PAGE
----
More About Money

Banks and Lending

The Financial Crisis of 2007


Lecture 3: Financial Economics (Ch 5, LS 35) Pages 97-118. (Video-lecture on Canvas)


Bonds & Present Value

ASSIGNMENT 3 ON CHAPTERS 2, 3, & 5 (LS 32, 33, & 35) – VIDEO TO HELP

Lecture 4: Demand, Supply, and Market Equilibrium (Ch 6, LS 3) Pages 119-148, Interest Rates and Monetary Policy (Ch 4, LS 34) Pages 67-81. (Video-Lecture on Canvas)


Review of issues on Assignments 2, 3, and 4

Lecture 5: Market Failures: Public Goods and Externalities (Ch 7, LS 4) Pages 149-178, Public Finance: Expenditures and Taxes (Ch 8, LS 18) Pages 179-200 (Video-Lecture on Canvas)

Videos and Podcasts about Debt and Government Spending


Lecture 6: An Introduction to Macroeconomics (Ch 9, LS 24) Pages 201-215, Measuring Domestic Output and National Income Pages (Ch 10, LS 25) 216-225, 227-237, Economic Growth (Ch 11, LS 26) Pages 238-260 (Video-Lecture on Canvas)

ASSIGNMENT 6 ON CHAPTERS 9, 10 & 11 (LS 24, 25, & 26)

Lecture 7: Business Cycles, Unemployment, and Inflation (Ch 12, LS 27) Pages 261-283, Basic Macroeconomic Relationships (Ch 13, LS 28) Pages 284-304 (Video-Lecture on Canvas – Part I); (Video-Lecture on Canvas – Part II)

Real and Nominal GDP

Types of Unemployment & Inflation

ASSIGNMENT 7 ON CHAPTERS 12 & 13 (LS 26 & 27)

Lecture 8: Short-Term Economic Fluctuations (from Frank, physical book Ch 14, similar to LS 27 from McConnell) pages 307-326, Spending, Output, and Fiscal Policy (from Frank, physical book Ch 15, similar to 29 and 31 from McConnell) pages 327-360, and Appendix 361-362 (Video-Lecture on Canvas)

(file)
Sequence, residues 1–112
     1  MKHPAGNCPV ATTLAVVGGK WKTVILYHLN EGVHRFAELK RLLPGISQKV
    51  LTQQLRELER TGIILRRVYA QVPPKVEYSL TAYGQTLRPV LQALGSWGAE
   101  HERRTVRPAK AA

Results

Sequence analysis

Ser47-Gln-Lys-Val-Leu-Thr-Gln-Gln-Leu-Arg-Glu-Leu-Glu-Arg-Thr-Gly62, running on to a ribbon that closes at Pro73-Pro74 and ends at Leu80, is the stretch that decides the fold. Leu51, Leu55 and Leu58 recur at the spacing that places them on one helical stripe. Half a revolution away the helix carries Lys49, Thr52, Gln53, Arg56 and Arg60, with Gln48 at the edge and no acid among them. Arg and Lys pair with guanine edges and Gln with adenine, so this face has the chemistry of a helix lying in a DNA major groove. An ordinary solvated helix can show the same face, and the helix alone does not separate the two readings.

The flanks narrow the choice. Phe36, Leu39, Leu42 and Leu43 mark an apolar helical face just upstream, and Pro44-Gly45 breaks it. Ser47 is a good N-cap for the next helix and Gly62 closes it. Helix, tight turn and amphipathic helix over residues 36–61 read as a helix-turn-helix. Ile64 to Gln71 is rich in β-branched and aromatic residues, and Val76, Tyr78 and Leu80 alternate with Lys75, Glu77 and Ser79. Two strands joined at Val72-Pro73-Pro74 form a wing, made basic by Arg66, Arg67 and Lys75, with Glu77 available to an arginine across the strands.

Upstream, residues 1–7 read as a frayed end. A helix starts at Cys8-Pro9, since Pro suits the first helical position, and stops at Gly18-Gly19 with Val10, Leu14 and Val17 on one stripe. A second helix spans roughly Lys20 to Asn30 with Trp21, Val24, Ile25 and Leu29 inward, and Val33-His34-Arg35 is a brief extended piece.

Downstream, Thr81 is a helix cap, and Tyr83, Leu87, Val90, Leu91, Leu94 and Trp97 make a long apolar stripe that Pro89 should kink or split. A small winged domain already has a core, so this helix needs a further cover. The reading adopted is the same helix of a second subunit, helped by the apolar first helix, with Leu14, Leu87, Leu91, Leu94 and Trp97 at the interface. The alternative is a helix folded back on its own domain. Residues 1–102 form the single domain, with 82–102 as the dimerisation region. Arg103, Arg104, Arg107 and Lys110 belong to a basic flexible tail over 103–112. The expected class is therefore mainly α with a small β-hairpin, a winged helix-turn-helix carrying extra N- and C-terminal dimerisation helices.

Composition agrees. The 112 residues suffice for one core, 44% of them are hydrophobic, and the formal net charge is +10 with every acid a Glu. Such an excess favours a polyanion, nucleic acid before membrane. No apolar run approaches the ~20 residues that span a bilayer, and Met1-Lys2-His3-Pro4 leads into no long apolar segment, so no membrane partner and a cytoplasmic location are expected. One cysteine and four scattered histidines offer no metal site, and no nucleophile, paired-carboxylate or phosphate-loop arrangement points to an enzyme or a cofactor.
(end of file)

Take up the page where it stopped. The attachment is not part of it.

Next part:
ASSIGNMENT 8 ON CHAPTERS 14 & 15 (LS 29, 31, & 34)

Lecture 9: Monetary Policy and the Federal Reserve (from Frank, physical book Ch 16, similar to LS 34 from McConnell) Pages 363-394, Interest Rates and Monetary Policy (from McConnell, physical book Ch 4, LS 33) Pages 67-96, Aggregate Demand, Aggregate Supply, and Business Cycles (from Frank, physical book Ch 17, similar to LS 29 and LS 31 from McConnell) Pages 395-420 (Video-Lecture on Canvas)

  • These chapters (16 and 17) in your physical book are not online, and do not have exactly similar material. However, LearnSmart 37 on Current Issues in Macro Theory and Policy, and LearnSmart 34 on Interest Rates and Monetary Policy are related to the material presented in this lecture. I would warn you to NOT look at the AE model in Chapter 30 of the McConnell book. It is a different model and will lead to issues.
  • Google DocsAE Model. (Login to Google to “Save a copy” or Download to Excel)
  • The Federal Reserve
    • Review pages 35-38 in textbook Ch 2 (31 in LS): Money, Banking, and Financial Institutions
  • Monetary Policy and Economic Fluctuations
    • Review pages 65-83 (65-83 is new reading!) in textbook Ch 4 (34 in LS Part I): Interest Rates and Monetary Policy
  • The Federal Reserve and Interest Rates
    • Review pages 63-65 in textbook Ch 4 (34 in LS Part I): Interest Rates and Monetary Policy
  • How the Fed Controls the Nominal Interest Rate

Monetary Policy

AD/AS and Business Cycles

ASSIGNMENT 9 ON CHAPTERS 4, 16 & 17 (LS 29, 31, 33 and 34)

Lecture 10: Ch 18 (LS 37): Macroeconomic Policy (Frank book) Pages 421-442 (Video-Lecture on Canvas)

  • This chapter (18) in your physical book are not online, and do not have exactly similar material. However, LearnSmart 37 on Current Issues in Macro Theory and Policy is related to the final two lectures.

Macroeconomic Policy Examples

ShowMeAD-AS1: What stabilization policy can do when there is a negative demand shock.

ASSIGNMENT 10 ON CHAPTER 18 (LS 37) Embedded Links

The 2008 Meltdown described by PBS Frontline. If you didn’t pay attention back in 2008, you should take the time to watch this movie. PBS “Inside the MeltdownQuestions related to the Inside the Meltdown documentary.

Watch this video if you want to have a better understanding of the securitization process.

The Crisis of Credit Visualized from Jonathan Jarvis on Vimeo.

Creative destruction on display in a Hyundai Sonata Hybrid commercial (2011 Super Bowl-Anachronistic City). Schumpeter might have enjoyed this commercial.